The Florida Citrus Bowl was packed with about 30,000 spectators and the decibel level of the screaming fans was actually quite high. Though fireworks and flares were not allowed, the U.S. faithful seemed to have a pretty good time as they were videotaped live for the NBC television network, performing the wave, chanting and beating on small drums and tossing rolls of colored toilet paper onto the grass.
As for the media, all of the wire services and broadcast teams were in attendance and the assigned photo areas were pretty packed at the beginning of the game. It was about 10 minutes into the match that I decided to pack up my gear and change my camera angle….I caught a quick golf cart ride to the other side of the playing field and set up shop behind the endzone boards. Within minutes of arriving, I was connected wirelessly to the internet with my MacAir. It was Game on!!!!
It couldn’t have been 3 minutes later that Sydney Leroux scored her first of two goals on the day, and the crowd went absolutely nuts! All time leading scorer and recently married team Captain Abby Wambach raced over and jumped onto Leroux’s back as she stretched her arms out in celebration, facing the crowd and the national TV audience. The moment was fleeting and I happened to be in precisely the exact spot to see it, 8 shutter clicks later I had captured what I had come for, the perfect emotional frame. I quickly pulled the card from my camera, inserted it into the card reader and grabbed the one frame that I wanted to transmit. I really didn’t do much in the way of image manipulation, just a simple tone, crop and added the caption/metadeta. Less that 2 minutes after the goal was scored, the image was already visible on the AP Images website. Just as quickly as I had settled in, Abby was tripped in the goaltenders box and a penalty kick was assessed, she scored easily on the shot and the score was now 2-0, in a matter of minutes. Brazil kicked it into overdrive and the elbows started to fly. By halftime I was walking back to the media room, having already uploaded 10 images….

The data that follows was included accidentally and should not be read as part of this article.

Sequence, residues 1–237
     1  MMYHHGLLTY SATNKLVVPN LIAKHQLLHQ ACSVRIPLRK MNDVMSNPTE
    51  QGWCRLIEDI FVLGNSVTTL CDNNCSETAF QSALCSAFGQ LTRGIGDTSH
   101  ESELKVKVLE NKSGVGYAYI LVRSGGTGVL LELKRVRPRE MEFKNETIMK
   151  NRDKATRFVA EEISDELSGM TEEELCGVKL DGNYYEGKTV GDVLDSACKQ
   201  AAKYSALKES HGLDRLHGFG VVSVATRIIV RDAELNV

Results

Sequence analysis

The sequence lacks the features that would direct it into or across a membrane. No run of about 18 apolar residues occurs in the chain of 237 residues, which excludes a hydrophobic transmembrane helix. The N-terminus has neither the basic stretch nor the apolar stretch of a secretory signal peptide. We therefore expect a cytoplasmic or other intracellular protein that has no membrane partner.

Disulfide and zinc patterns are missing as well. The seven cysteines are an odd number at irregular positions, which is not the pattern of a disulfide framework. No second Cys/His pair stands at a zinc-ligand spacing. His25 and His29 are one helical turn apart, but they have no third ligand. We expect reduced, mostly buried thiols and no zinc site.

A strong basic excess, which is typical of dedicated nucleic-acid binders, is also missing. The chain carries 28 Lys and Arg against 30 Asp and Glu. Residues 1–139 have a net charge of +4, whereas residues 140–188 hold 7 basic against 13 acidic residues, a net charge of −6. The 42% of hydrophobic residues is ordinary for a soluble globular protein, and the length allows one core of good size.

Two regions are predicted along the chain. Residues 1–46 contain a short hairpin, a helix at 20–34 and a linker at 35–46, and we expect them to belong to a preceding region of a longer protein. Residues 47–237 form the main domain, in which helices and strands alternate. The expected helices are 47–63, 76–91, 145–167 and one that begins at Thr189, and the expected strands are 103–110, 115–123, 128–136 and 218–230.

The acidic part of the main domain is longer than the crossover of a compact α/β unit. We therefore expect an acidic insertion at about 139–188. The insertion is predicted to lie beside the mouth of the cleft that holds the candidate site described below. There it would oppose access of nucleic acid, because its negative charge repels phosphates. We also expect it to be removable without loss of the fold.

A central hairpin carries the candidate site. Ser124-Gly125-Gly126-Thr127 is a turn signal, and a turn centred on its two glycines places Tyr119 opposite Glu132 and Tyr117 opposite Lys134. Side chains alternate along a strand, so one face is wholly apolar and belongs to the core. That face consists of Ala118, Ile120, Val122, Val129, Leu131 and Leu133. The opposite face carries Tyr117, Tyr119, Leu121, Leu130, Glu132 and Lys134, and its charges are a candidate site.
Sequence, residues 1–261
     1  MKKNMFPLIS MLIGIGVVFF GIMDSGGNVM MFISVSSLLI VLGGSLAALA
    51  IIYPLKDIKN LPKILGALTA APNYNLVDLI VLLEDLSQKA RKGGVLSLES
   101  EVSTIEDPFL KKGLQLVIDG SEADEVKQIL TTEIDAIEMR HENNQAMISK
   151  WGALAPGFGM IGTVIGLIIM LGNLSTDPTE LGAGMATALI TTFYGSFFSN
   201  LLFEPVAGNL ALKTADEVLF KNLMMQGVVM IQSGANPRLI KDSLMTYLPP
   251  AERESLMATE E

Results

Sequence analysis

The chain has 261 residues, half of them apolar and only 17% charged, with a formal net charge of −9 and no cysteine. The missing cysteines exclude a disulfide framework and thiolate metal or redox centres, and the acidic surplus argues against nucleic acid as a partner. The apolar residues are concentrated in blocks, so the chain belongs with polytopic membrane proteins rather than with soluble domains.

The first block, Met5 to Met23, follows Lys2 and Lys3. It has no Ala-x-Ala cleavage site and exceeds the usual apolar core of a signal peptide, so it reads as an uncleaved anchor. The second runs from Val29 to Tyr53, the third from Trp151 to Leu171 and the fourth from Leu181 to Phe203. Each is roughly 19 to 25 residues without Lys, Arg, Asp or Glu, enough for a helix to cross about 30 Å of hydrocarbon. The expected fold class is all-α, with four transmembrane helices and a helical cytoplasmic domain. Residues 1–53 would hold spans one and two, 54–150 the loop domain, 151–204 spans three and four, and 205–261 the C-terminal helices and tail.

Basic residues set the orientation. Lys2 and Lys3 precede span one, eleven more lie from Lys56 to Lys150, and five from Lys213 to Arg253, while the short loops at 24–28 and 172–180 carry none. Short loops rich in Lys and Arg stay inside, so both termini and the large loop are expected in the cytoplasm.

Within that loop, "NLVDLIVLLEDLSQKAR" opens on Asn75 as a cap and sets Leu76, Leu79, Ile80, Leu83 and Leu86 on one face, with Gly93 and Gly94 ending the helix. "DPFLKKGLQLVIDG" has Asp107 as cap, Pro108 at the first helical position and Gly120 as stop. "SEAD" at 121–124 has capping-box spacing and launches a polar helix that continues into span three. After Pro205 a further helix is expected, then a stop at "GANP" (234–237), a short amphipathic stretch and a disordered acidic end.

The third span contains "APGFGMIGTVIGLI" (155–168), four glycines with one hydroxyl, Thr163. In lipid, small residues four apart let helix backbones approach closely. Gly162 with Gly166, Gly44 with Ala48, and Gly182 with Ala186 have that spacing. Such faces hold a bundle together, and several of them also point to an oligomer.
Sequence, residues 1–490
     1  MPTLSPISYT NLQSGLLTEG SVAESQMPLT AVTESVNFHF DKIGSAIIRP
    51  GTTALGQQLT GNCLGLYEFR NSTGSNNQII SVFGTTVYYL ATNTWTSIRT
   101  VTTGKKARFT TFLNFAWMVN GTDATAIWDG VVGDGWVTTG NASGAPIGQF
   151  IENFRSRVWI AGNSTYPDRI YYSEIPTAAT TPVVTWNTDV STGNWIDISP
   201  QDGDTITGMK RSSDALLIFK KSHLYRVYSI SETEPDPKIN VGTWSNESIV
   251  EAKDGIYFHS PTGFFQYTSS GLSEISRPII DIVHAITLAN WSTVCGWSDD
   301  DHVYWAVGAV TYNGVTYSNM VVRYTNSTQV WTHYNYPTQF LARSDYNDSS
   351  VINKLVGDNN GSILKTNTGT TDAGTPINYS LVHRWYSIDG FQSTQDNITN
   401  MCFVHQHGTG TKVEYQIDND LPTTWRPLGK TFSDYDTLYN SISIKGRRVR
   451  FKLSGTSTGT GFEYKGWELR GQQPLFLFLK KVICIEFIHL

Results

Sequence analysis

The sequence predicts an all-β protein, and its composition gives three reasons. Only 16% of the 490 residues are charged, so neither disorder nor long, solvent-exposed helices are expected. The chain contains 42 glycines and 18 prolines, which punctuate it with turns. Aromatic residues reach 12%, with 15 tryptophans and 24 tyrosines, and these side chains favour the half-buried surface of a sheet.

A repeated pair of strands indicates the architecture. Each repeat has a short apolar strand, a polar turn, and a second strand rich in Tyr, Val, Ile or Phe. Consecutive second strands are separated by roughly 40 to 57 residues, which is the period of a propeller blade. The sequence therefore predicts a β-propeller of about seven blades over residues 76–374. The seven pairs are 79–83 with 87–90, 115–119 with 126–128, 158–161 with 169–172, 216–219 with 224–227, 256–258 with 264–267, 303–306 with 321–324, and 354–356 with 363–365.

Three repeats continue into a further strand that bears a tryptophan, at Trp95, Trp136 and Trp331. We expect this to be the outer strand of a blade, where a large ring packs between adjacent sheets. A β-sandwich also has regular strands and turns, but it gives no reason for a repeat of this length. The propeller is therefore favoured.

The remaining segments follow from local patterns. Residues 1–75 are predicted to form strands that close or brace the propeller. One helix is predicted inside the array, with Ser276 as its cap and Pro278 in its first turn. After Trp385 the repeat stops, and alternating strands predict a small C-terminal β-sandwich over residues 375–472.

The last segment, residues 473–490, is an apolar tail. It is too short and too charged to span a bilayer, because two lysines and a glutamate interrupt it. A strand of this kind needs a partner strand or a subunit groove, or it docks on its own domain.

The game ended 4-1 with the U.S. winning and everyone was happy. Days later I was thrilled to see that my first image had been selected as one of the ESPN “Images of the week”!
It was on a different job a few days later that my world came tumbling down. I searched “Alex Menendez” and “U.S. soccer” on the search engine and low and behold, my image was EVERYWHERE! Literally. There it was, on hundreds of tumblr sites, with full credit given “COPYRIGHT AP IMAGES ALEX MENENDEZ”, but interestingly enough, more than half of the shots still had the AP watermark placed right across the shot that was there to prevent illegal use. They were stolen…..plain and simple.
If you want to do a frame grab or a screen grab its quite simple, you just find the shot you want online and grab it. Once its on your computer screen, you can pretty much manipulate it any way that you want to, and this is just one of the things I saw being done to my soccer photo. This image had been cropped, toned, over saturated, brightened, sharpened or simply turned to black and white. Somebody else had actually grabbed the un-watermarked version (most likely the large file from ESPN’s site) and created an Iphone screen saver and was passing it out like candy at Halloween to any of his followers that wanted it. I was less than thrilled at this discovery and the feeling one gets once they’ve realized that they’ve been violated sunk in….I was way more than mad.
Immediately I sent a quick list of sites to my editor who didn’t know what to say…..what could he say?